- Muslim insurgents shoot then set on fire Buddhist teacher in Thailand
- Air Force cadets ‘revolt’ after officials remove biblical verse from whiteboard
- Rep. Lee: Paul Ryan out of touch with urban Americans
- House votes down resolution to force Issa to apologize
- Kremlin blocks opposition websites; Kasparov fears Putin plans ‘something drastic’
- Saving trees? EPA wastes $1.5 million storing unneeded pamphlets in warehouse
- Scott Brown Senate bid in New Hampshire may launch soon
- Jeffrey Corzine, son of ex-N.J. governor, dead at 31
- Australian surfing magazine sorry for calling indigenous surfer ‘apeish’
- Records: Man in Fla. theater shooting also was texting
W.Va. miners: ‘Coal’ reality series is real deal
MORGANTOWN, W.VA. (AP) - A southern West Virginia mine foreman featured in the new reality TV series “Coal” says the show that debuts March 30 lives up to its billing: It’s all real.
“There’s nothing on this show fake. What’s on it, we done it,” said Jerry “Wildman” Edwards, who attended a preview screening of the Spike TV series in Morgantown on Wednesday and talked about what it was like to participate.
Edwards said he didn’t allow his men to do anything unsafe or inappropriate for the benefit of the cameras, either.
The 10-episode series was shot at Cobalt Coal’s Westchester mine in McDowell County. Mike Crowder, Cobalt Coal’s chief executive, told West Virginia Public Broadcasting it shows the men as they really are.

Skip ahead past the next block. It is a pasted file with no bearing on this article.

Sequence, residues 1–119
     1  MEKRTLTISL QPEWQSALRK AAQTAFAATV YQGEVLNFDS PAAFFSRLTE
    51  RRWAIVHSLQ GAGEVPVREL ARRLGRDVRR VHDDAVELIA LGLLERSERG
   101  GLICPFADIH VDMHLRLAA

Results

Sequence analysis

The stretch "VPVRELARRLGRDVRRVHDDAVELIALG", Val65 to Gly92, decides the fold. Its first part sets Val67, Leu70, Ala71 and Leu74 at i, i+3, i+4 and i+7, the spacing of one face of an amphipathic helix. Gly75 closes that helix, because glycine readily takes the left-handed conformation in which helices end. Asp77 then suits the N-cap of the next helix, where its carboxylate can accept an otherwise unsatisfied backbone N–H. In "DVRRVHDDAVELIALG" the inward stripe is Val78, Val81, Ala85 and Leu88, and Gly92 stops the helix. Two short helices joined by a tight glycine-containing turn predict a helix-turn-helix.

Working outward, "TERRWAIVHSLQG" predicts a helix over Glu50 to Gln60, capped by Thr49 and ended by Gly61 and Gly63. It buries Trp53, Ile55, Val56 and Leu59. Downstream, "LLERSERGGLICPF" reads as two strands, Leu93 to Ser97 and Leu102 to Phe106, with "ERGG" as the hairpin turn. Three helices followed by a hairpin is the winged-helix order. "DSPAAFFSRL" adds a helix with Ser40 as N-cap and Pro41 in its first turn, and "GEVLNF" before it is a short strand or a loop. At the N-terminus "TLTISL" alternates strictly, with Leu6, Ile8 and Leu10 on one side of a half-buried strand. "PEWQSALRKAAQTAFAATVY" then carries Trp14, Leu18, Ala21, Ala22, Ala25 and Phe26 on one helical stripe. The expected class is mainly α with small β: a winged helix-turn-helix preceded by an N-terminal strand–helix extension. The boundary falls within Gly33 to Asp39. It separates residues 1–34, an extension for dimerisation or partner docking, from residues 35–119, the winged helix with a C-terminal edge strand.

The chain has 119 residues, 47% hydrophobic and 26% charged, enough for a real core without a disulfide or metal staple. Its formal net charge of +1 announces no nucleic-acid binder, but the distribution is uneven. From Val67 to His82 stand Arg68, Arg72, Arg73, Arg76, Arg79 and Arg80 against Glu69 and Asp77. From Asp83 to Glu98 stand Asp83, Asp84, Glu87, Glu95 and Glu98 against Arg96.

“Some of us read the Bible, some of us cuss like sailors,” Crowder said. “It is what it is. We are a coal company. We are not actors, we are not entertainers.”
Cobalt is not a typical West Virginia operation. It’s small, with only about two dozen employees. The men mine a highly valuable metallurgical coal used in steelmaking, but the seam is notoriously thin, forcing them to work in a space just 42 inches high some 600 feet underground.
The first episode focuses on how the men respond to the financial pressures facing the company.
“Our whole idea was to let everyone see that these guys are dads, and they’re husbands, and they work hard,” said Tom Roberts, the coal company’s president. “They’re just everyday people.”
The network has been partnering with remembertheminers.org, a group supporting families of the victims of last year’s Upper Big Branch mine disaster, to offer special preview screenings. One was held in Pikeville, Ky., and the last was scheduled Thursday at Washington & Jefferson College in Washington, Pa.
Producer Thom Beers and his team are also behind the popular shows “Deadliest Catch,” “Ice Road Truckers” and “Ax Men” _ all about inherently dangerous occupations.
Spike TV: http://www.spike.com/shows/coal
Cobalt Coal: http://cobaltcoalcorp.com/
TWT Video Picks
By Bob Dole
The industrious island has proved itself worthy of U.S. inclusion
- F-35 secrets now showing up in Chinas stealth fighter
- EXCLUSIVE: FBI blocked in corruption probe involving Sens. Reid, Lee
- USS Kidd sent to Indian Ocean after 'indication' of Malaysian jet crash
- College group's diversity event canceled after excluding white people
- Senators deluged by complaints void 2-year-old flood insurance plan before 10-day break
- Justice Department refuses info on hundreds of prosecutor misconduct cases
- Oil rig worker says he saw missing plane go down: report
- Warren Buffett's son to spend $23.7 million in effort to save South African rhinos
- U.S. pilot scares off Iranians with 'Top Gun'-worthy stunt: 'You really ought to go home'
- Bill Clinton poses for photo with Bunny Ranch prostitutes
Chaos as Manhattan building explodes
Pope Francis meets his 'mini-me'
Celebrity deaths in 2014
Winter storm hits states — again